Getting tested for COVID-19 helps you know if you have the coronavirus and prevents you from spreading it to your family, friends, and community. If you test positive, isolate yourself so that you don’t spread it. Let people you have been around know, so that they too can quarantine and get tested. This is how we can stop the virus from spreading and prevent future COVID-19 surges. 

Are different types of COVID-19 tests different in how accurate they are?  If so, which one is the best one?

There are two main types of COVID-19 tests: molecular and antigen. Molecular tests – commonly called “PCR tests” – are generally more accurate. They are processed in a laboratory and you’ll receive your results in a few days. Antigen tests – which are sometimes referred to as “rapid tests” – can be processed anywhere and you’ll get your results in about 20 minutes. The Food and Drug Administration (FDA) recommends taking multiple antigen tests over several days to improve the chance of identifying infections.    

And remember – no matter which type of COVID-19 test you choose, you must provide a good quality specimen so that you can get accurate results. If a trained healthcare professional is collecting your sample, that will help ensure it’s a high-quality sample. If you’re doing your own nose or mouth swab, make sure you carefully follow all the instructions.

How can I get tested if my doctor’s office doesn’t offer COVID-19 tests or doesn’t have any appointments available?

If you can’t get an appointment or if you aren’t able to get in touch with your doctor, go to to find a no-cost testing site close to you. Although appointments aren’t needed at many government run testing locations, making an appointment helps you wait less.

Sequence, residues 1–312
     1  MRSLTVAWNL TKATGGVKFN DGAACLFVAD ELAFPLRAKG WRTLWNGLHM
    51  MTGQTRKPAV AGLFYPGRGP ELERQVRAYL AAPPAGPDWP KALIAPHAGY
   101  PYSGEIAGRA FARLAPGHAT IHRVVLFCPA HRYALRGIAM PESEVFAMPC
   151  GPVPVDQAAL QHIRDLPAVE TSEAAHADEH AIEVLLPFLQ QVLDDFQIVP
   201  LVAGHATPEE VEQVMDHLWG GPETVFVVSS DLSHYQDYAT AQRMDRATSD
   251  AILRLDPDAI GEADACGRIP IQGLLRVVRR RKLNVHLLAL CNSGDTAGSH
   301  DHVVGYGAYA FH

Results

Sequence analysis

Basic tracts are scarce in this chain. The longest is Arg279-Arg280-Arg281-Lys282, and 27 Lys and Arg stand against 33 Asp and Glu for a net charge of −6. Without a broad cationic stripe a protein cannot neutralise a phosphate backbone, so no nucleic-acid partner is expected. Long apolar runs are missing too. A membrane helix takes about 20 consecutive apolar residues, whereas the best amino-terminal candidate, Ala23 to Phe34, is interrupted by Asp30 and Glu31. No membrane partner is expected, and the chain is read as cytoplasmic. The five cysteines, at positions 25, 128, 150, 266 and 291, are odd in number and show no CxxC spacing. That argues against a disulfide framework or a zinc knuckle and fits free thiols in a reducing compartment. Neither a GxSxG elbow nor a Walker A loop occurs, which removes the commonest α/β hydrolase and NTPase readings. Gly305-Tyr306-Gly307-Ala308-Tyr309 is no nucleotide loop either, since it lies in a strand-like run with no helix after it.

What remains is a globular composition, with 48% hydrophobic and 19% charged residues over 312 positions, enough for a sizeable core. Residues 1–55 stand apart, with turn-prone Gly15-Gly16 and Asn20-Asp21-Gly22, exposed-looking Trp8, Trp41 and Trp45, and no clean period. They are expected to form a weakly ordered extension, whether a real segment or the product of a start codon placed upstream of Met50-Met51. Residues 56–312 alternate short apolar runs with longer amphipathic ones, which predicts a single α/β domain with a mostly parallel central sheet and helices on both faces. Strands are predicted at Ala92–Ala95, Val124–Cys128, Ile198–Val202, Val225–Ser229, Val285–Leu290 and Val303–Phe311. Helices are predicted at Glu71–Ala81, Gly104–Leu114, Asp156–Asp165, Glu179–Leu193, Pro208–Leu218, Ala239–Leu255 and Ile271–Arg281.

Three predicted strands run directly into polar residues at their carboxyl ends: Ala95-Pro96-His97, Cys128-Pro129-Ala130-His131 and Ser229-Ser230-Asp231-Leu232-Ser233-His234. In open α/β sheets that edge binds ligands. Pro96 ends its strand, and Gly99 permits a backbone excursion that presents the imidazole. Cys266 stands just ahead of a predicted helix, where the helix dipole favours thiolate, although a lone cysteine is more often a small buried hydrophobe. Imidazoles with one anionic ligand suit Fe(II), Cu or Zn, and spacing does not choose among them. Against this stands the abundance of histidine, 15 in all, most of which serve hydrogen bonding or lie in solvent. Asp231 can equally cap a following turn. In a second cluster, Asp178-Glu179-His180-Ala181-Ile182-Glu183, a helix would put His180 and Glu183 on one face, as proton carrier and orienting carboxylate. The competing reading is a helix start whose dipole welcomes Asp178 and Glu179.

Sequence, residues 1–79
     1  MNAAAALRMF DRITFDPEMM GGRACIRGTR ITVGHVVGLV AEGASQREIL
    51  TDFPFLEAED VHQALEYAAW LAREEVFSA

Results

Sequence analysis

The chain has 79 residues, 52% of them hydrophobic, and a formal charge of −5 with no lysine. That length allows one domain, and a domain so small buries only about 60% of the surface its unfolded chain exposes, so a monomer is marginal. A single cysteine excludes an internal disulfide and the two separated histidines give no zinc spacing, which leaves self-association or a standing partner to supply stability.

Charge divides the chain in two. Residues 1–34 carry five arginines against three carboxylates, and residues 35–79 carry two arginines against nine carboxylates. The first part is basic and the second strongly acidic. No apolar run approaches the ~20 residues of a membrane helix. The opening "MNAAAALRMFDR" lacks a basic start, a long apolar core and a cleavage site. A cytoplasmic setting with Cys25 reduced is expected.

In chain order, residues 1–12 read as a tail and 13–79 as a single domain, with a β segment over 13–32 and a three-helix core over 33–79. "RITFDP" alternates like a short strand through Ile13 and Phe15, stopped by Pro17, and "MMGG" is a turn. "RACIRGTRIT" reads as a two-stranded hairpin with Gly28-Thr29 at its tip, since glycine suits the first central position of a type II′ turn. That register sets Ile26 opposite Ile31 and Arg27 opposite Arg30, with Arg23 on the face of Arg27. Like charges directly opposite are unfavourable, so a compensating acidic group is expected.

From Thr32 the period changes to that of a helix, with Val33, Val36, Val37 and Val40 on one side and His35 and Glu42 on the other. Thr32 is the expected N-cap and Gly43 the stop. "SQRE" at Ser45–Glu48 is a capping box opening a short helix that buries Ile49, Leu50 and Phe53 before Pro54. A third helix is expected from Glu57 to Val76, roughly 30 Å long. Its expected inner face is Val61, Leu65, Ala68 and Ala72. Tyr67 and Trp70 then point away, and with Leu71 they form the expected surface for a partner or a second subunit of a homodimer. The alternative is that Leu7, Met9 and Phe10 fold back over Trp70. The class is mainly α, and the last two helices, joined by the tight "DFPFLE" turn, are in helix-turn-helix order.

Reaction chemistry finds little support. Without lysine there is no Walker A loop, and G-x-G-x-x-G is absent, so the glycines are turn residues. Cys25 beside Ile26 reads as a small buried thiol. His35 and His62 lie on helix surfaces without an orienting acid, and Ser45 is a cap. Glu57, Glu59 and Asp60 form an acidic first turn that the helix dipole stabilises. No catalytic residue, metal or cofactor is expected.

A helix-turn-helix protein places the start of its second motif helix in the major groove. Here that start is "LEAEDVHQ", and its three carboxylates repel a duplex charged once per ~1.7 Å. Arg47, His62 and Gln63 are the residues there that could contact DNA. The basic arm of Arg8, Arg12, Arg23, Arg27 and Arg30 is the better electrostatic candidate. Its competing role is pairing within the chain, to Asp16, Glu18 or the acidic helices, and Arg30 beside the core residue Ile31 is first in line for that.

If I’m already vaccinated against COVID-19, should I still get tested regularly even if I don’t have symptoms?

The Centers for Disease Control and Prevention (CDC) recommends that anyone with any signs or symptoms of COVID-19 get tested, whether or not you are vaccinated or have had the virus before. And don’t forget – even if you’re vaccinated, you should get tested 3 to 5 days after having been around someone who may have or is confirmed to have COVID-19. 


Biden Administration Extends Pause on Student Loan Payments


In a move to keep the economy recovering at a steady pace, the Biden Administration—which had paused federal student loan repayments for millions of Americans to the end of September—has announced it is extending that pause one final time through January 31, 2022 at 0% interest. Collections have also been suspended.

As today’s jobs numbers show, we have the tools that will allow us to beat COVID-19 and keep our economy recovering at a record rate. But we know there is more work to do and the road will still be long for many people – especially for the one in six adults and one in three young people who have federal student loans,” said President Biden in a statement.

“This will give the Department of Education and borrowers more time and more certainty as they prepare to restart student loan payments. It will also ensure a smoother transition that minimizes loan defaults and delinquencies that hurt families and undermine our economic recovery.”

Over 36 million Americans who have student loans held by the federal government totaling upwards of $1.3 trillion, and according to a recent report from the Center for American Progress 45% of borrowers in default have not found a path to return their loan to good credit standing.

Last month, 23 Democratic lawmakers—including Senators Cory Booker and Elizabeth Warren—shared their concerns with the Department of Education. Specifically, what steps would be taken to protect borrowers’ wages and benefits when payments resume.

“The payment pause has been a lifeline that allowed millions of Americans to focus on their families, health, and finances instead of student loans during the national emergency,” said U.S. Secretary of Education Miguel Cardona. “As our nation’s economy continues to recover from a deep hole, this final extension will give students and borrowers the time they need to plan for restart and ensure a smooth pathway back to repayment. It is the Department’s priority to support students and borrowers during this transition and ensure they have the resources they need to access affordable, high quality higher education.”

The Department has said it would begin notifying borrowers of the final extension in the coming days, and it would also release resources and information about how to plan for payment restart as the end of the pause approaches.